That, at least, Natasha could understand. The universe requires balance. Basic principles, thermodynamics and all of that—balance even as it spins to chaos.

The one who made the request had to make a leap of blind faith, trusting they wouldn’t be giving up more than they were getting. Although some part of her still questioned if it would work, she had to give it a try. If there was some way, some truth to the magic, it was worth looking the fool. After all, only she would know. If it didn’t work, her entry could easily be ripped out.

Taking a deep breath, she flipped to the middle where the diary sat empty—waiting. Clasping her pen so tightly her knuckles were white, she wrote:

I never knew what to think about the entries in this book. I didn’t know if the previous owners were all nuts, or if someone with too much time on their hands wrote this whole thing, trying to make it seem legit.

I hadn’t intended to add my own entry. In fact, I never intended to do anything other than enjoy the whimsy of this book, then try to find someone who wanted it. After all, I never believed in anything that science could not reasonably speculate existed, especially not a diary that could grant the heart’s deepest desire—until three weeks ago. I also never believed in second chances.

Until several months ago, if you had asked me, I would have said my life was perfect. I was content with my husband, both of us professors of science at the University. College sweethearts and colleagues, as well as friends. Then he dropped a bombshell on me—he wanted a divorce. He had found someone else, someone who loved him, and whom he felt destined to be with. I guess I should have seen it coming; after all, how late can you really stay with a grad student grading papers? But I told myself I was okay with his indiscretions, that I welcomed them, in fact. Sadly, it’s true. In my heart I have lusted, regretted past chances that I never took, and betrayed my husband with my longings for what could have been. The passion between us had long since slipped into what had been.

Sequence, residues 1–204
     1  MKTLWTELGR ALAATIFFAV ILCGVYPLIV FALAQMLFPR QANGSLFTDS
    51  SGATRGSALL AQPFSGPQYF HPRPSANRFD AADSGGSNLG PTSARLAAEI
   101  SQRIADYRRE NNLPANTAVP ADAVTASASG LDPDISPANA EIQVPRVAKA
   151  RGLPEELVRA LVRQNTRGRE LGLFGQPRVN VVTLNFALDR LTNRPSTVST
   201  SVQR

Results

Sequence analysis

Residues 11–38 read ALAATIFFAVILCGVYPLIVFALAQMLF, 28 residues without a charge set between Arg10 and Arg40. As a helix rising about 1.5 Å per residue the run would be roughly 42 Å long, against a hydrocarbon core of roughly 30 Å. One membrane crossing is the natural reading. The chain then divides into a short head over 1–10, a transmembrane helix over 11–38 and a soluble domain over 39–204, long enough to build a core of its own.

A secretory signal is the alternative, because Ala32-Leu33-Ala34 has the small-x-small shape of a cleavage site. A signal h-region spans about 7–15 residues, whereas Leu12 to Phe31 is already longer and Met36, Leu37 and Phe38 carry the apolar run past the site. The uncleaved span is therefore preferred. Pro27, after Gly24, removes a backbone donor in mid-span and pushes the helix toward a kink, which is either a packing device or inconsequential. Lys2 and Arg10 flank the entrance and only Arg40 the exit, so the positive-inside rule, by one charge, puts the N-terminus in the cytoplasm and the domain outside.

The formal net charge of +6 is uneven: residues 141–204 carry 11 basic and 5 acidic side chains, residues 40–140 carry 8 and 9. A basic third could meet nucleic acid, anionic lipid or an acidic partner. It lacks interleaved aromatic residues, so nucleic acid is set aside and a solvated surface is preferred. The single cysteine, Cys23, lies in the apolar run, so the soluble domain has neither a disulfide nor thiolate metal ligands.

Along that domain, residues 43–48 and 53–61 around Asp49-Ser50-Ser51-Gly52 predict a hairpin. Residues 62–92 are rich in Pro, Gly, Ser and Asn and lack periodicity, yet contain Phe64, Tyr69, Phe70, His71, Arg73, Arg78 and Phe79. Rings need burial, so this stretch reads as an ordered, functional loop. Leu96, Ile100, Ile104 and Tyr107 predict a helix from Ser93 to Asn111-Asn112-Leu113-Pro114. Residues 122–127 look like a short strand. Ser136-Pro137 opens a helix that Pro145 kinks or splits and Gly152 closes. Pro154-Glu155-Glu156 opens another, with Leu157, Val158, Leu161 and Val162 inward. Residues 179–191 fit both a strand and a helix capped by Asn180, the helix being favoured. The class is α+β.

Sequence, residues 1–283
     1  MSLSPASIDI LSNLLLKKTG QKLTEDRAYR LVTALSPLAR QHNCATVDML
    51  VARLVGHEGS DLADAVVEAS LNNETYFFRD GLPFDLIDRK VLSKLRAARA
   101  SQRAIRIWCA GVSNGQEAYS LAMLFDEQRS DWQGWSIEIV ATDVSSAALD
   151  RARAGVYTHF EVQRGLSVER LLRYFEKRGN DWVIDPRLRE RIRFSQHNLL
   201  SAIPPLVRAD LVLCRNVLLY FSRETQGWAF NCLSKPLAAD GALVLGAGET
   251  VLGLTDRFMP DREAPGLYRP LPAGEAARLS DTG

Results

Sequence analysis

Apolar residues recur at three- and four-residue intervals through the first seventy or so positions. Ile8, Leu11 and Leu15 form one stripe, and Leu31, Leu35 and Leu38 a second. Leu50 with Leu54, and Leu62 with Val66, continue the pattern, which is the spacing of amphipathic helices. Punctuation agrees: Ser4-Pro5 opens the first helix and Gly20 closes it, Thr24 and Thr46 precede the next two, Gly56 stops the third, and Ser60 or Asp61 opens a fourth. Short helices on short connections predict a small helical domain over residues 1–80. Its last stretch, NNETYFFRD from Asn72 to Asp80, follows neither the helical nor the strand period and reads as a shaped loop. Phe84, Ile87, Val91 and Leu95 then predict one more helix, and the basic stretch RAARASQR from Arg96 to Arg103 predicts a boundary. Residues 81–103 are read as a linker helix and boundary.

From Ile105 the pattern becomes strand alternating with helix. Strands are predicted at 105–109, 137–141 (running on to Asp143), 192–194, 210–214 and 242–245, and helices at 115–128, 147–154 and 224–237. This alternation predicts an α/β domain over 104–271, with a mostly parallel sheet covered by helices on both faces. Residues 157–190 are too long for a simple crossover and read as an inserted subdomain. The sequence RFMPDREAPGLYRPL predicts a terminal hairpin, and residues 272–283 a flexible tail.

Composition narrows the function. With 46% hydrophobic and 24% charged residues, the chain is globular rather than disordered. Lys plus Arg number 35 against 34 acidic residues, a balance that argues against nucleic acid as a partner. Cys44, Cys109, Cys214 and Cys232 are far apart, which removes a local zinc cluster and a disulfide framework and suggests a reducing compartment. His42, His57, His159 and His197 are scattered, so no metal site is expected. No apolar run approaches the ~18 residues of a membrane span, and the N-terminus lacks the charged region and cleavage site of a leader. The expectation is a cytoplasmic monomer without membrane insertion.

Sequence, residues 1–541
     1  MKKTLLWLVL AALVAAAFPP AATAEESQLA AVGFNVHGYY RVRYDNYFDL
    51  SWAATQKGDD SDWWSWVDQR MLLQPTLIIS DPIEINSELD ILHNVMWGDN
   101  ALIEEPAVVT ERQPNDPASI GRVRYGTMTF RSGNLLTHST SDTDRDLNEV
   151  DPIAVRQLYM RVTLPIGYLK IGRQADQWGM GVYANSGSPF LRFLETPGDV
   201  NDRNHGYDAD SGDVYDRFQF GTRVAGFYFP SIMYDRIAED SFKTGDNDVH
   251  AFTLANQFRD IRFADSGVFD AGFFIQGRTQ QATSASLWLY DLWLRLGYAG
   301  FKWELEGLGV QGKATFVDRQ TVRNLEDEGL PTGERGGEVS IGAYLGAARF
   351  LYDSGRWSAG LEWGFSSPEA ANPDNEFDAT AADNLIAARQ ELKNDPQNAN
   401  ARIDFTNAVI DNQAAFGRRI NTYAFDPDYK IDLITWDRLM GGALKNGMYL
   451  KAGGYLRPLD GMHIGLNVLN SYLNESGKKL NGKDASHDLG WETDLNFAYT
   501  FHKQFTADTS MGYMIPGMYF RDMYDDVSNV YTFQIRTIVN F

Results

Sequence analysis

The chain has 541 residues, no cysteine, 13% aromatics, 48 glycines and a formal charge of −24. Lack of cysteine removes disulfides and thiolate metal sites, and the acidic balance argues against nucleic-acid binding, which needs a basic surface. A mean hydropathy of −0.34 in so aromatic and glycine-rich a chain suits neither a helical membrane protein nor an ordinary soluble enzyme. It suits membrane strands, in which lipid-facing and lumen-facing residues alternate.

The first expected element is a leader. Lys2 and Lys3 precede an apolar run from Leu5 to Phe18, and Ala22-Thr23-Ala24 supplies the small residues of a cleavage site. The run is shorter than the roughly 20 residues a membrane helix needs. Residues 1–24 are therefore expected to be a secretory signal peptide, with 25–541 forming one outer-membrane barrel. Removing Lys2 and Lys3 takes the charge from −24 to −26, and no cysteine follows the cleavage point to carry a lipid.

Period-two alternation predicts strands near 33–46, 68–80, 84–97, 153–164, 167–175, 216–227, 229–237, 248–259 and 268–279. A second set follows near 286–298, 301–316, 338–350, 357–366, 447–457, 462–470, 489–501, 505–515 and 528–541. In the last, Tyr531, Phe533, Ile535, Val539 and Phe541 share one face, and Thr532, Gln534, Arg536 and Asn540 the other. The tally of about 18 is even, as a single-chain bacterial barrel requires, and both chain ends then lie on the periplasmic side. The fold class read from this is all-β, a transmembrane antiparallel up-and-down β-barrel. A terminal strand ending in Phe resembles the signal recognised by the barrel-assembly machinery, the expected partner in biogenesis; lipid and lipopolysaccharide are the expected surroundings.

I never knew how deep the regret went, however, until three weeks ago, when the package arrived. Now I find myself about to make a wish upon the diary, and I hope that I don’t come to regret the consequences—and what I will be giving up.

Although I believe in my heart that if I can turn back time and do things all over again, that it will be worth whatever payment is required to keep balance, I admit—I am afraid. After more of the unlived life at this point, but still afraid.